I served this with rice. The quenelles reminded me strongly of fish mince balls that are used in Vietnamese hot, strongly flavoured noodle-soups. I had made quite a lot of quenelles and used the second batch the next day in this fashion. It's probably related to the way I've grown up eating minced seafood, being more familiar with having it with noodles and soup, that meant it tasted quite bland and out of place with the tomato coulis. Even with the coulis seasoned and with the citrus notes in the seafood - it just didn't seem right. The next day, the flavour was much better - I think this recipe really needs some chilli to give it an extra zing.

Monday, March 8, 2010

Thumbs-up for fresh pasta

After seeing weeks of relentless advertising for My Kitchen Rules on Channel 7, I had vowed to not watch this reality show purely based on the fact that the advertising was so repetitively annoying. But I caved. Ah, who can resist when it's such slim-pickings when it comes to weekday evening show choices.

I found myself watching one couple make fresh pappardelle pasta and having an enormous craving. It's been quite awhile since I've brought out the pasta machine, but it's certainly getting more fun as I learn to make different types. I amended the fresh pasta recipe from Jamie Oliver's and made up the sauce as I went, using whatever I had available.
  • Freshly-made pappardelle marinara with roast sweet potato, parsley and basil
I was hoping for leftovers to take to work the next day, so for two people I used 400g pasta '00' flour and 4 eggs and an extra egg yolk. The extra yolk was a last-second addition as in my hurry to get started, I accidentally cracked open 5 eggs instead of 4. I couldn't let that last egg go to waste!

I've read a variety of recipes where salt or olive oil is added - I think this is a case where simplicity wins out in the end. When you're eating the final product, you'll realise that no alterations are needed at all - it's perfection with just egg and flour.

After letting the dough rest for half an hour, I started cranking the pasta machine and slicing the pasta into wide ribbons - just a bigger version of fettucine.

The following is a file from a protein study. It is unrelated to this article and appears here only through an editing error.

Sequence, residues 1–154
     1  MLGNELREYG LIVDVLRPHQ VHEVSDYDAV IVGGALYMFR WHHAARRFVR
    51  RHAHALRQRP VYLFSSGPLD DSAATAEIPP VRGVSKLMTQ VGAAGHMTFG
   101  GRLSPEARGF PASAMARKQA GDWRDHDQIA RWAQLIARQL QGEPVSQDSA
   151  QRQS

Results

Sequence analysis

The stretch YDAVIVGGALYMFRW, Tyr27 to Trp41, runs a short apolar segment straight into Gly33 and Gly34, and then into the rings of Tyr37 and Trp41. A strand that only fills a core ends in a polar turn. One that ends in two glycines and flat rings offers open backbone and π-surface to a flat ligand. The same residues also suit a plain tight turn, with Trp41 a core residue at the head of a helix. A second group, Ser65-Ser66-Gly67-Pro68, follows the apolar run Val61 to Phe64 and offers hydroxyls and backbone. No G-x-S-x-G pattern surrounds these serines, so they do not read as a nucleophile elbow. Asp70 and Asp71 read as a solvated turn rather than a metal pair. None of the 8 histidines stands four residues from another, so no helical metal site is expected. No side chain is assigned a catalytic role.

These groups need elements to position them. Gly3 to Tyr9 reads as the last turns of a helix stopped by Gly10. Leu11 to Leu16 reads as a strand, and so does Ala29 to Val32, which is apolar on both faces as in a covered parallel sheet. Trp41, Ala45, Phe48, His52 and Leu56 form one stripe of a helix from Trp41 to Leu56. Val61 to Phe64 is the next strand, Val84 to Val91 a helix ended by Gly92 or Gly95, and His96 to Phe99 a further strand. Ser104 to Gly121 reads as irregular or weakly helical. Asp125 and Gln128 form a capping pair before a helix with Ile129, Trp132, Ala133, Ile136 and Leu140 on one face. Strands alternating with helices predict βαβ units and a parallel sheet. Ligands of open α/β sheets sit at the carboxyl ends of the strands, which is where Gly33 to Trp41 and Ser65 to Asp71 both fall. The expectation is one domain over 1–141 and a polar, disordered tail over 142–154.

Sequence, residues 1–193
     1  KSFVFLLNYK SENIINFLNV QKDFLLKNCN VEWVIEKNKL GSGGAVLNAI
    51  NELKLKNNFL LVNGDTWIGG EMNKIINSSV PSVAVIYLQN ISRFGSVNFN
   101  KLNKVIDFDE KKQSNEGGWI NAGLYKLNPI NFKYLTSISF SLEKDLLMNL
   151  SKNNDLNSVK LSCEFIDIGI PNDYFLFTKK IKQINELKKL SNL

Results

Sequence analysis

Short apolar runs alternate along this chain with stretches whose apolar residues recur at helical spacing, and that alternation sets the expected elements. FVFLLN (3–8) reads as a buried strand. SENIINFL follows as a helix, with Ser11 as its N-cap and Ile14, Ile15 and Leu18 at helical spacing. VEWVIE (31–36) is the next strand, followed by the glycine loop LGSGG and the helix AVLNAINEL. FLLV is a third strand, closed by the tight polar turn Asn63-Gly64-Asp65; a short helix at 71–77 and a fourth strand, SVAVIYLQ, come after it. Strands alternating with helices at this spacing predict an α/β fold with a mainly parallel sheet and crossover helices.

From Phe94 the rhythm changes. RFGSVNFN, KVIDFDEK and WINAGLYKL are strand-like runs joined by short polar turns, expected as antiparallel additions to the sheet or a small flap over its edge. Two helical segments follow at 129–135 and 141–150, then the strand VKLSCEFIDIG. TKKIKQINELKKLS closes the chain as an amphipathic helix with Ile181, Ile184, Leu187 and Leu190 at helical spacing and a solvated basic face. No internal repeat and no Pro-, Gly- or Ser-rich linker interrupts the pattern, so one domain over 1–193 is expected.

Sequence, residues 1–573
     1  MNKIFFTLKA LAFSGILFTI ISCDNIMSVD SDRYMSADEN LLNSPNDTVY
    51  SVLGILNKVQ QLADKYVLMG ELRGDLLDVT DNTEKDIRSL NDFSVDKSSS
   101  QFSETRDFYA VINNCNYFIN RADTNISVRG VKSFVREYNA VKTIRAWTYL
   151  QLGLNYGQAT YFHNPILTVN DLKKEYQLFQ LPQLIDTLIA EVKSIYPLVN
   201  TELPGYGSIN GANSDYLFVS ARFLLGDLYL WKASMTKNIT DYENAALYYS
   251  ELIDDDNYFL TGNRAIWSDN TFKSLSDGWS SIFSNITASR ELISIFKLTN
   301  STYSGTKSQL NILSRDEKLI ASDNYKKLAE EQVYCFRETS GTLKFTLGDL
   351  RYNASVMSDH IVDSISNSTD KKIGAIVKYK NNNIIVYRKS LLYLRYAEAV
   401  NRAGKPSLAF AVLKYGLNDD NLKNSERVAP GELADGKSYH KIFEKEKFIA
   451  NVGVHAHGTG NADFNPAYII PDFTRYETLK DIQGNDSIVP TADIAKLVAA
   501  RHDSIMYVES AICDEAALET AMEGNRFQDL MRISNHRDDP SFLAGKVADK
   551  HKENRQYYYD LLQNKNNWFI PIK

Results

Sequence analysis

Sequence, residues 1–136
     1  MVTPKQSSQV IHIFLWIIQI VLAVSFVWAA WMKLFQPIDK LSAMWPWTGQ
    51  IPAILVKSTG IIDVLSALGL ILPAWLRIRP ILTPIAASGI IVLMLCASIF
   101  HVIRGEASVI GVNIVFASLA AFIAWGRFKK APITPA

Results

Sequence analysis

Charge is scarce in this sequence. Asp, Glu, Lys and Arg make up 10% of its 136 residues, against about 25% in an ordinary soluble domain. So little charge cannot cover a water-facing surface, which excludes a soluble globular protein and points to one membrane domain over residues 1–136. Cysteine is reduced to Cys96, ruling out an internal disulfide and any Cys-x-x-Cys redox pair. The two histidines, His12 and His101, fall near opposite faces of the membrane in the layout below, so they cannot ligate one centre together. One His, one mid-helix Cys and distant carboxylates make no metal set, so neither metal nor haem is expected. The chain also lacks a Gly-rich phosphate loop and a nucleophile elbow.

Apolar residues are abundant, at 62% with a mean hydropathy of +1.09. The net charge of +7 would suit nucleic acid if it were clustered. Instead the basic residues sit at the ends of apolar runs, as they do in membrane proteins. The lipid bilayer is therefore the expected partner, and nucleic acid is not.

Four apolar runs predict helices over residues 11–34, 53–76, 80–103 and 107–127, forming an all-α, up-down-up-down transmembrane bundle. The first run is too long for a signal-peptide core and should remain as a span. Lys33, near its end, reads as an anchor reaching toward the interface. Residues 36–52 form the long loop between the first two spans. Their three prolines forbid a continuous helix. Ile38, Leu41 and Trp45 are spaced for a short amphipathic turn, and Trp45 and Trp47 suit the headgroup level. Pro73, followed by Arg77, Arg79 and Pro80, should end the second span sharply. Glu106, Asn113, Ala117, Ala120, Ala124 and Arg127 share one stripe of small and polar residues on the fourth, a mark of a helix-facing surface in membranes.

While I was rolling out the pasta, I cut two sweet potatoes into rough 1.5cm cubes, placed them on a roasting tray with olive oil, salt, pepper dried parsley flakes and roasted until they were soft - about 45 minutes in a 200 degree celsius oven.

I was a bit nervous about the pasta ribbons sticking to each other as they cooked in the salted water, but thankfully it wasn't an issue at all.

As the pasta bubbled away, I heated olive oil in a pan with 3 chopped spring onions and 2 minced garlic cloves.

In with about 3 large handfuls of raw marinara mix and white wine. I covered the pan here briefly to help the seafood cook through.

Once the seafood was close to done, I threw in the roasted sweet potatoes, fresh chopped basil and parsley and turned this through briefly to warm the herbs. Season with salt and pepper.

I had some fresh parmesan in the fridge so the boy and I grated it straight onto our plates. There's a side salad hiding towards the back too!

I cannot encourage you enough to try making your own pasta at home if you haven't tried it - or attempt to do it more often if you've got a little extra time on your hands one evening. There's really no comparison to dried pasta - the pasta has a completely different bite to it, as well as absorbing the sauce flavours much more intensely. Like most things around the kitchen, I'm sure with a bit more practice it becomes a speedier (and less messy!) process.